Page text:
How to Let Your Property Sustainably

Handyman in yellow uniform changing light bulb. House renovation conception
Added on September 2nd 2021

As a landlord, it’s mostly about finding decent tenants who will look after your property and pay the rent on time. For your tenants, however, your property is their home and if they’re keen to go green (er), then offering them the chance to do this simply by renting your place can put you ahead of the competition.
Wise landlords realise that it’s the under-35s who are not only the greenest generation, but they’re also Generation Rent. You’re more likely to be at the top of a tenant’s list if you appeal to their eco-conscious side, so here’s how you can set out your eco-stall to attract the right tenants.

Increase your energy efficiency

An easy way to lower your carbon footprint is to upgrade your boiler to a new energy-efficient model. Your local authority might still run grants to help with these costs, so do ask.
Make sure you don’t include energy bills in the rent, as tenants are more likely to be careful with their usage if they’re paying for it directly. You can control the provider, though, so look for a green one.

Get rid of the gas

If your property is on the smaller side, then an electric boiler is actually more eco-friendly as it’ll lose almost no energy during its operation.
If your property is larger, then it may be time to install those solar panels and that air or ground source heat pump you’ve been thinking about for ages.

Improve your windows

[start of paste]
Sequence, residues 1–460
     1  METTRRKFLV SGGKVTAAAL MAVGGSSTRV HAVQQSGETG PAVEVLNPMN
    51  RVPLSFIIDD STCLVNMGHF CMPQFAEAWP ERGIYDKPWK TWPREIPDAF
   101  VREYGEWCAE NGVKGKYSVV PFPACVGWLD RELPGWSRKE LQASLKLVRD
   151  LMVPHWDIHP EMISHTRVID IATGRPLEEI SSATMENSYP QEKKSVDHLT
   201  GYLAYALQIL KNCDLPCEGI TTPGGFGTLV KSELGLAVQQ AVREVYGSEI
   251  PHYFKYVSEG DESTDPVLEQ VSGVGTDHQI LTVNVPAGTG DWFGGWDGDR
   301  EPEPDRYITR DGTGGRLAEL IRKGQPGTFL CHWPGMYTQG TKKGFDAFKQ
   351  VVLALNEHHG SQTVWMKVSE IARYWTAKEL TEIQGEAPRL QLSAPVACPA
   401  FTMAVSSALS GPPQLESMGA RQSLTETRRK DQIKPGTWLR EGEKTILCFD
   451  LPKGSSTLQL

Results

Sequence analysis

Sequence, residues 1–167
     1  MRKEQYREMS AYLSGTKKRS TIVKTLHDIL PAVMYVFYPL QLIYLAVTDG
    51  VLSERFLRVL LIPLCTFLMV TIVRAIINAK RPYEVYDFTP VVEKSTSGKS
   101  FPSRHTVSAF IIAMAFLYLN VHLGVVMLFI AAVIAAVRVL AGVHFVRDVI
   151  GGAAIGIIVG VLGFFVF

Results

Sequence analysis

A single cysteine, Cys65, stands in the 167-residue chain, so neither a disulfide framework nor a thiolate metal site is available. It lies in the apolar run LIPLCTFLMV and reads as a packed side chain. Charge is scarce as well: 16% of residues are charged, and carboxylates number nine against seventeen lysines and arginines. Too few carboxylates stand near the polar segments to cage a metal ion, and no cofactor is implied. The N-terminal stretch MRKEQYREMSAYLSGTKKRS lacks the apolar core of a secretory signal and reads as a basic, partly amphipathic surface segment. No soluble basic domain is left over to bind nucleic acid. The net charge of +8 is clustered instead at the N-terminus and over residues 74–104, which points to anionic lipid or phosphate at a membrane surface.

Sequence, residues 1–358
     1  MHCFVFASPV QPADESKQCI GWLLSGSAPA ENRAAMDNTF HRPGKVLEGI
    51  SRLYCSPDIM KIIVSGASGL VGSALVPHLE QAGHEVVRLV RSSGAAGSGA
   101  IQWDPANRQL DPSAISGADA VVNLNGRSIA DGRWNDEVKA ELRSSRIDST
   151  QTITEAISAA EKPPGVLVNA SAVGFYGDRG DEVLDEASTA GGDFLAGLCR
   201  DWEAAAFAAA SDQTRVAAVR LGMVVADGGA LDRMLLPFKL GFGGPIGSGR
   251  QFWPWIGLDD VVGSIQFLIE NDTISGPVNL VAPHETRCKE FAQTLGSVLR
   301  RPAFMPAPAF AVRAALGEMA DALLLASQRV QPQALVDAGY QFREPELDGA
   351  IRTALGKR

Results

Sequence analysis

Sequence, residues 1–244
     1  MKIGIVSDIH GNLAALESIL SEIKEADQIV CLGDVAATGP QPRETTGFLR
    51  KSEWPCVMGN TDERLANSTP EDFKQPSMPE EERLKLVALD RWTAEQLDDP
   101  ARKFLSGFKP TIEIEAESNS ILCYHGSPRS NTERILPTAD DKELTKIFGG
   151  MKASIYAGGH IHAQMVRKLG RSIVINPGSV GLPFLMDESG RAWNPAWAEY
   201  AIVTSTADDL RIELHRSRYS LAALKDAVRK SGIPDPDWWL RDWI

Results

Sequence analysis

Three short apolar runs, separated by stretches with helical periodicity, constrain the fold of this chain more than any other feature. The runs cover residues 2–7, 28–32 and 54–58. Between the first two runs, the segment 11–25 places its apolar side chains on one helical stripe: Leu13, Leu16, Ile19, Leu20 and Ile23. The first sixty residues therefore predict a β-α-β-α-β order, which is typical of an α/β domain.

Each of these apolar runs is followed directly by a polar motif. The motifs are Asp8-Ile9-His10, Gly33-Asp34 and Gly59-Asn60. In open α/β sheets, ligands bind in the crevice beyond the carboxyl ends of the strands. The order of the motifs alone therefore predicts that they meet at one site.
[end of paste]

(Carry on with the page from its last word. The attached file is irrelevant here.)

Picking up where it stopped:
You really should install double glazing throughout the property and, if you’re in a colder part of the country, triple glaze some or all of your windows. A lot of heat loss occurs through your windows and the sight of a rattly old single-glazed bedroom window will deter lots of prospective tenants.

Lose the draughts

It’s not just windows that add a chill factor to a building. Gaps around doors and floors also let warm air out, so find them and use some silicone caulking to block them off.

Swap out older bulbs for LEDs

LED lights use less than 10% of the energy that incandescent bulbs get through and they also last for years. Installing smart lighting is a good idea too, as your tenants can dim the bulbs when necessary to save energy. Motion-sensing LEDs that turn off after a period of inactivity can also reduce the energy consumption even further.

Install low-flow taps

Low-flow showers and taps don’t offer pitiful trickles any more, they’ve been engineered to deliver a smaller amount of water with a decent amount of pressure, so you tenants can enjoy a good wake-up shower without wastage.

Review your insulation

You can lose up to 25% of your heat through a roof, so make sure yours is well-insulated. If your loft has no insulation, or if it has less than 150mm, then bring it up to 270mm, which is the recommended thickness.
It’s also worth approaching your local authority to see if it can help with the costs of wall and loft insulation. The government needs to meet its climate change targets and good insulation in UK properties is one way to help.

Be ahead of the curve

Your tenants don’t have much say in the eco measures they can install or implement in your property, so do the talking – and the waking – for them. Install a charging point for an electric car, for example, or give them a recycling bin and food composter so they’re not contributing so much to landfill.

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